Pope Francis denounced what he called the ideologically twisted and planned "genocide" of Armenians by Ottoman-era Turks a century ago as he arrived in Armenia on Friday for a deeply symbolic visit to mark the centenary of the massacre and pay homage to the country's steadfast Christian faith.
In the most carefully watched speech of his three-day trip, Francis ad-libbed the politically charged word "genocide" to his prepared text that had conspicuously left it out, listing the Armenian genocide alongside the Holocaust and Stalinism.
And rather than merely repeat what had said last year — that the slaughter was "considered the first genocide of the 20th century" — Francis declared it a genocide flat out, setting the stage for another Turkish protest after it withdrew its ambassador last year and accused Francis of spreading lies.
"Sadly that tragedy, that genocide, was the first of the deplorable series of catastrophes of the past century, made possible by twisted racial, ideological or religious aims that darkened the minds of the tormentors even to the point of planning the annihilation of entire peoples," he said.
"It's so sad how, in this case and in the other two, the great international powers looked the other way," he added, referring to the subsequent horrors of Nazism and Stalinism.
In the run-up to the visit, the Vatican had refrained from using the term "genocide," mindful of Turkish opposition to the political and financial implications of the word given Armenian claims for reparations.
But Francis, never one to shy from speaking his mind, added the word at the last minute in a speech at the presidential palace to President Serzh Sargsyan, Armenian political and religious leaders and the diplomatic corps.
They gave him a standing ovation.
"One cannot but believe in the triumph of justice when in 100 years ... the message of justice is being conveyed to mankind from the heart of the Catholic world," marveled President Sargsyn in his speech to the pope.
Many historians consider the massacres of an estimated 1.5 million Armenians genocide. Turkey rejects the term, says the death figure is inflated and that people died on both sides as the Ottoman Empire collapsed amid World War I.
The Vatican spokesman, the Rev. Federico Lombardi, said Francis always speaks of the need for reconciliation and that his declaration of a genocide must be taken in the context of recognizing a past horror to then move on in friendship and reconciliation. Lombardi denied that the Vatican's diplomatic speechwriters had intentionally left the word out, saying they had intentionally left it up to the pope to decide what to say.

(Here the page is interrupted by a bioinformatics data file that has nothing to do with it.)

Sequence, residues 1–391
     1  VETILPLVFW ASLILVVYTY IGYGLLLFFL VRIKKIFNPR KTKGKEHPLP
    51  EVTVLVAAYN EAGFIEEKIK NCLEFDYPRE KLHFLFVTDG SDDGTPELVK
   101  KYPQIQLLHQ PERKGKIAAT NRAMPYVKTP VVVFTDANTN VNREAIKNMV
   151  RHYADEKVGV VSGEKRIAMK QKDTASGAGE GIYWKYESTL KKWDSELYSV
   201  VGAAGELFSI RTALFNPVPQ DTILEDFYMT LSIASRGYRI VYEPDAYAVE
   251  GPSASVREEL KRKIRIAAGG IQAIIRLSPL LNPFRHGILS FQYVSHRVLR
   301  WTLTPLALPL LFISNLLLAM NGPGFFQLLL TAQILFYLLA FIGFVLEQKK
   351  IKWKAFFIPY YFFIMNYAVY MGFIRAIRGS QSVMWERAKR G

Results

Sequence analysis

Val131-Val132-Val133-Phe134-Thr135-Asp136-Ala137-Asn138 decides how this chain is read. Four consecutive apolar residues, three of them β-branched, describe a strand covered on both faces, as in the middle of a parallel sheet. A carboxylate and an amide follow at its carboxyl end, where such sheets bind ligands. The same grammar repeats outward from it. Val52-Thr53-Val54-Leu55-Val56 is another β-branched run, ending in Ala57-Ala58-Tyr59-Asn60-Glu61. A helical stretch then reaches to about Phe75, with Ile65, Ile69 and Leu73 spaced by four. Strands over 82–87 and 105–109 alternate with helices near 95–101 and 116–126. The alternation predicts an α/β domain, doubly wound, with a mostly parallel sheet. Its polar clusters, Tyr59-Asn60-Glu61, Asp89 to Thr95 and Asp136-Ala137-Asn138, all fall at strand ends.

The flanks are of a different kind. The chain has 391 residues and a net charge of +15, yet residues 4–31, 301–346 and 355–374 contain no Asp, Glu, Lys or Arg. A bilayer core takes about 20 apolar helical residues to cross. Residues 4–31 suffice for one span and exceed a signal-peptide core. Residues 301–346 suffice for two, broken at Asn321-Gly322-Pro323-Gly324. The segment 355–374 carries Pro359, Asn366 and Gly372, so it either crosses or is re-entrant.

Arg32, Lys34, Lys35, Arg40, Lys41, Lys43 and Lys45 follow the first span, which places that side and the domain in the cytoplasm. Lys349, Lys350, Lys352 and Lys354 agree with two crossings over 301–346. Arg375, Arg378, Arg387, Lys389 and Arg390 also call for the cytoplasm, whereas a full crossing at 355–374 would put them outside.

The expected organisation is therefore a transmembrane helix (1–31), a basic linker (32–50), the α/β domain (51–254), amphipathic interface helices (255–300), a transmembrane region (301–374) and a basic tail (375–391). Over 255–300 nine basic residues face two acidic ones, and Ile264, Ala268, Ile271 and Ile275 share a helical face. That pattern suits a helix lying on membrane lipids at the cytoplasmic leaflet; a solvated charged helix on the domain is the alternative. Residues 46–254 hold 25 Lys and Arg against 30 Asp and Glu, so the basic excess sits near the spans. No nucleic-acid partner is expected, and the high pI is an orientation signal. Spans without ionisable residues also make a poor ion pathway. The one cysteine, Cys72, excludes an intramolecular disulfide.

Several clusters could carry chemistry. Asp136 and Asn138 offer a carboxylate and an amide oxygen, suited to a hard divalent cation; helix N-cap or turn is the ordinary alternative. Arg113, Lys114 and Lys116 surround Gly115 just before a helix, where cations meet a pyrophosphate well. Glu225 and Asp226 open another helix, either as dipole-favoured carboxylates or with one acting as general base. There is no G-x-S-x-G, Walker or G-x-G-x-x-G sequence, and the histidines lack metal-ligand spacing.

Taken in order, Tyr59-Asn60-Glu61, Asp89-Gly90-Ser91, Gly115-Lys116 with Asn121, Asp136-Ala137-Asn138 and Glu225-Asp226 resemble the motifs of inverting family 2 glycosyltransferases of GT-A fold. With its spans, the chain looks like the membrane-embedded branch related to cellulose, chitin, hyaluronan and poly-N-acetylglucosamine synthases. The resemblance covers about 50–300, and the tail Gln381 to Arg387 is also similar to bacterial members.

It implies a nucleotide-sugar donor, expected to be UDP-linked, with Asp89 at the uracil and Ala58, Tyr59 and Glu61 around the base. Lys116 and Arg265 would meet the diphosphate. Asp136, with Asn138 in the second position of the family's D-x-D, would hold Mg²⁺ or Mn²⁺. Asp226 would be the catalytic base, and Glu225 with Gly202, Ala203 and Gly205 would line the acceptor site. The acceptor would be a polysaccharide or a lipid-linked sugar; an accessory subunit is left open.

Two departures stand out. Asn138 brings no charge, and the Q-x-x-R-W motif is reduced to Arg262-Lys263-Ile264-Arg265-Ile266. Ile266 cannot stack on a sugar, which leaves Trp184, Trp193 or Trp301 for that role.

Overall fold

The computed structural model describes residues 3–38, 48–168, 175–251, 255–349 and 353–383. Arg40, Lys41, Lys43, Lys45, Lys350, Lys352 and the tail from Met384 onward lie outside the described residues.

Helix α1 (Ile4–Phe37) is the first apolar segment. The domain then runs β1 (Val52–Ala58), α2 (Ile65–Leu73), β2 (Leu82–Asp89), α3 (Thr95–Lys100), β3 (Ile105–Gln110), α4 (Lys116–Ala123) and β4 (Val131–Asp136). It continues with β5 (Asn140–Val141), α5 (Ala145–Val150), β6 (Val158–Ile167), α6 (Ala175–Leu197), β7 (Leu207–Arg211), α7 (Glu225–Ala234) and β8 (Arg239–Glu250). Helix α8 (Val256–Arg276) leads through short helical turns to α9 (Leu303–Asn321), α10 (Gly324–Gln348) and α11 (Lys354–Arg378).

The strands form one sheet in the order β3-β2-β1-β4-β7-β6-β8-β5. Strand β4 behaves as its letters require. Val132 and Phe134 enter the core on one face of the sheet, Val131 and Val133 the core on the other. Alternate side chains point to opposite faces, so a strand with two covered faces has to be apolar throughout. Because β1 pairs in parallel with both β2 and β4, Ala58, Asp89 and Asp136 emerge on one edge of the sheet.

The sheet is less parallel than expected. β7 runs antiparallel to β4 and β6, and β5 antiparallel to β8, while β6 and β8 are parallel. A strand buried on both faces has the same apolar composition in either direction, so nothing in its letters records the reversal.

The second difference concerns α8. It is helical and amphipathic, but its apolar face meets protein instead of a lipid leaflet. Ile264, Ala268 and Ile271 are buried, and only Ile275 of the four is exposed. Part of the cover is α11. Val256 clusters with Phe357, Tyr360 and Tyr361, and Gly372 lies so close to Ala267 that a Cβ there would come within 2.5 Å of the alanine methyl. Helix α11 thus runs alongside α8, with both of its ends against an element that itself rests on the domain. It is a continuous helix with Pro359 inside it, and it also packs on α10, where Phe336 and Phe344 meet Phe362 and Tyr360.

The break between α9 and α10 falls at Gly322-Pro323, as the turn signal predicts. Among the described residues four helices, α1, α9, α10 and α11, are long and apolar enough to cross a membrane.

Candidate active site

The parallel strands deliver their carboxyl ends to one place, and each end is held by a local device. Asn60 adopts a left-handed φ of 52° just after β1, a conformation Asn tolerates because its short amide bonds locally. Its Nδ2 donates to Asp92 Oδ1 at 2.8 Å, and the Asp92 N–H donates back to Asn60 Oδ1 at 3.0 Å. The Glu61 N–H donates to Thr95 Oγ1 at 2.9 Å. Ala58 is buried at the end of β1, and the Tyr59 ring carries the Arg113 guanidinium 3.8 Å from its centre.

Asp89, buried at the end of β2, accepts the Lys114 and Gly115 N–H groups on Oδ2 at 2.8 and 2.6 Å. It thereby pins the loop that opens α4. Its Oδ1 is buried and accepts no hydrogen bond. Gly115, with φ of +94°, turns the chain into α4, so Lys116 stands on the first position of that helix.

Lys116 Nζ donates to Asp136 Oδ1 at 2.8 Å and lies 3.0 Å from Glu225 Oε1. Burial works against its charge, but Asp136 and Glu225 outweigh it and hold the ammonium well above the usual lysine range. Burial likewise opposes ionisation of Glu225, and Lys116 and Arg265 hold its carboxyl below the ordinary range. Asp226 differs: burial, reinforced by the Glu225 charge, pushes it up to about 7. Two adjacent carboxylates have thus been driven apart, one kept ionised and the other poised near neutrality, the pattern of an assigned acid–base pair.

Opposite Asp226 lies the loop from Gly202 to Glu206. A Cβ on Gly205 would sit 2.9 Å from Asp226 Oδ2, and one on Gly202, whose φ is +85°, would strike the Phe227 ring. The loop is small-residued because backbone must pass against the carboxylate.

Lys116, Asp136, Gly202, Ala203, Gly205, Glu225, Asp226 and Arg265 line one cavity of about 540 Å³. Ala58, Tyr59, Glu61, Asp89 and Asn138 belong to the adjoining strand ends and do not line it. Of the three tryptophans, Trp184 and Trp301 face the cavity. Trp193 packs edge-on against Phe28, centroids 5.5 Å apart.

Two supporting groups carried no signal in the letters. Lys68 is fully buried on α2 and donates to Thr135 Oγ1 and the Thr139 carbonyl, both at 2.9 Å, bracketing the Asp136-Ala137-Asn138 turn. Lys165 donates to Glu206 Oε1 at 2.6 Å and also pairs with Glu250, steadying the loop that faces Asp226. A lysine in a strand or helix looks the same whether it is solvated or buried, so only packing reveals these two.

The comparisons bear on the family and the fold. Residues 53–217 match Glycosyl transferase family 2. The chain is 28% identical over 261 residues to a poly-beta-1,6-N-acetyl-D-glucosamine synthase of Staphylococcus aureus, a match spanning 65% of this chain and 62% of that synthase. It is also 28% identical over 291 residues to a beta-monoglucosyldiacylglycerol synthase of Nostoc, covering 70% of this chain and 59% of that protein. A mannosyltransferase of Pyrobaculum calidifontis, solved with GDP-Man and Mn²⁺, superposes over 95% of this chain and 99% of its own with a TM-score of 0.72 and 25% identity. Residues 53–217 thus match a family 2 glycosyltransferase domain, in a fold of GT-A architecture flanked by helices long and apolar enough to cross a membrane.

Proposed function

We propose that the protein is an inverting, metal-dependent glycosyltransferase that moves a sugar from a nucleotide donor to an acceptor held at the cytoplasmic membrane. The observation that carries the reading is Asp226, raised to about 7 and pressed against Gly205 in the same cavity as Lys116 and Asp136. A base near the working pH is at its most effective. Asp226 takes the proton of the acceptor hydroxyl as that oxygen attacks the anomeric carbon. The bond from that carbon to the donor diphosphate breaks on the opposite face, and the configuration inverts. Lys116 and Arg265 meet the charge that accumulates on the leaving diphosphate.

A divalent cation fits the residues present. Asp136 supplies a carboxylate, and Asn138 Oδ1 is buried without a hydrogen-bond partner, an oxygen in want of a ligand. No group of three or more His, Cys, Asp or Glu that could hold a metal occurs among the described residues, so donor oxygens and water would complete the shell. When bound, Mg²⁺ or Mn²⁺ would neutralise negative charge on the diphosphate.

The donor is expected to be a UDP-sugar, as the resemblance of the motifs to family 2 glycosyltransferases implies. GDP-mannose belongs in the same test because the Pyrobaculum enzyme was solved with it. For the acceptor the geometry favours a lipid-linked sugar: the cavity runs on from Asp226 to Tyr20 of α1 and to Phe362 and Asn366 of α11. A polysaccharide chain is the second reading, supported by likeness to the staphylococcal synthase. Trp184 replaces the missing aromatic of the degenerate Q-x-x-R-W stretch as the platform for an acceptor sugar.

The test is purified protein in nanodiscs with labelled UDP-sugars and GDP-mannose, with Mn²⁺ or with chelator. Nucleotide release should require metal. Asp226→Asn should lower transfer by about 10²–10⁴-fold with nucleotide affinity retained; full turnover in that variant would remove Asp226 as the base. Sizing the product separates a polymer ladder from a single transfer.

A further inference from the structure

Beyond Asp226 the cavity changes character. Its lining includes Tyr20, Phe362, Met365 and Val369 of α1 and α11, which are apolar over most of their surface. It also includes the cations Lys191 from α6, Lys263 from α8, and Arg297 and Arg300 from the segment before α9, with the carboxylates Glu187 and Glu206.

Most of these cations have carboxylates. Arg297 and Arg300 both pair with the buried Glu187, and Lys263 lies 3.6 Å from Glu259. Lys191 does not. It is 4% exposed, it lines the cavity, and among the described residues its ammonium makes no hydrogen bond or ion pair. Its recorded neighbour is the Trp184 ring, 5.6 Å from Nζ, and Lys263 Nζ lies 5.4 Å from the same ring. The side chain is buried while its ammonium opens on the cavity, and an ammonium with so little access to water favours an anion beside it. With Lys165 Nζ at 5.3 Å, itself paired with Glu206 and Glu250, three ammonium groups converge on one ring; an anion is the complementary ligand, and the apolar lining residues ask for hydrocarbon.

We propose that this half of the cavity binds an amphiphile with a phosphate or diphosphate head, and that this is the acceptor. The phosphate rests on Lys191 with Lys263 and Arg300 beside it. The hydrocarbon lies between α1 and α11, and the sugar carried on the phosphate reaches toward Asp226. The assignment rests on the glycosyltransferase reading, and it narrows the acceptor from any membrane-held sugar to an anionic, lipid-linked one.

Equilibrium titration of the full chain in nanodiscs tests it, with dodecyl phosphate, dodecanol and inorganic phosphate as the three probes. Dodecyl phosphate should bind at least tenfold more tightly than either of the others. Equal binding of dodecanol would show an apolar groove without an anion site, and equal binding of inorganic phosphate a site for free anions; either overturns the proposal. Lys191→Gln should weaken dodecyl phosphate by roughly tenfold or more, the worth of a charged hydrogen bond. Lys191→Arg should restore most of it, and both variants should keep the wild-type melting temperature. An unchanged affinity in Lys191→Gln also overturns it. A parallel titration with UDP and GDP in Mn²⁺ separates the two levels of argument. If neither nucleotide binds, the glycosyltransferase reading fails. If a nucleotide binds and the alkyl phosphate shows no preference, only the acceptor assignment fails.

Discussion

In a largely Orthodox land where Catholics are a minority, Armenians have been genuinely honored to welcome a pope who has long championed the Armenian cause from his time as an archbishop in Argentina and now as leader of the 1.2-billion strong Catholic Church. His 2015 declaration that the massacres were considered a "genocide" sealed their affection for him.
"I shook the pope's hand but didn't have the time to kiss it," 42-year-old Yerevan resident Nazik Sargsyan said Friday as Francis arrived. "I'm sure God's blessing has come down on me with that handshake."
Small groups of residents lined his motorcade route, and a gaggle of schoolchildren wearing white T-shirts and yellow neckerchiefs — the colors of the Vatican flag — greeted him at the airport with a big banner written in Italian: "Armenia Welcomes Pope Francis."
In his initial remarks upon arrival in the ornate Armenian Apostolic Church in Etchmiadzin, Francis praised Armenia for becoming the first nation to declare Christianity the state religion in 301 and for keeping alive the "light of faith" even in its darkest times.
With the Apostolic patriarch Karekin II by his side, Francis urged all Christians to unite to prevent religion from being exploited and manipulated today, a reference to the current-day Islamic extremist attacks on Christians in the Middle East.
"It is vitally important that all those who declare their faith in God join forces to isolate those who use religion to promote war, oppression and violent persecution, exploiting and manipulating the holy name of God," he said.
The Vatican has long cheered the Armenian cause, holding up the poor nation of three million mostly Orthodox Christians as a bastion of faith and martyrdom in a largely Muslim region.
President Sargsyan, Karekin and a few other officials greeted Francis at the Yerevan airport in a low-key welcome ceremony. A girls' choir serenaded and the pope, patriarch and president then walked behind a goose-stepping military official along a red carpet into the airport's VIP lounge before heading to Echmiadzin, the seat of the Oriental Orthodox church where Francis will stay as a guest of Karekin.
"Blessed is the hour when the feet of Pope Francis touched our soil!" exclaimed local resident Simon Samsonya as Francis arrived. "He won the love of the Armenian people with his message at the St. Peter's Cathedral on the eve of the 100 years anniversary of the genocide."
Francis will have another opportunity to pay respects to the victims of the slaughter when he visits Armenia's genocide memorial on Saturday. He caps his visit Sunday with a visit to a monastery on the border with Turkey. There, he will free a dove of peace in the direction of Mt. Ararat, the mythological landing place of Noah's Ark and a place of sacred importance to Armenians.
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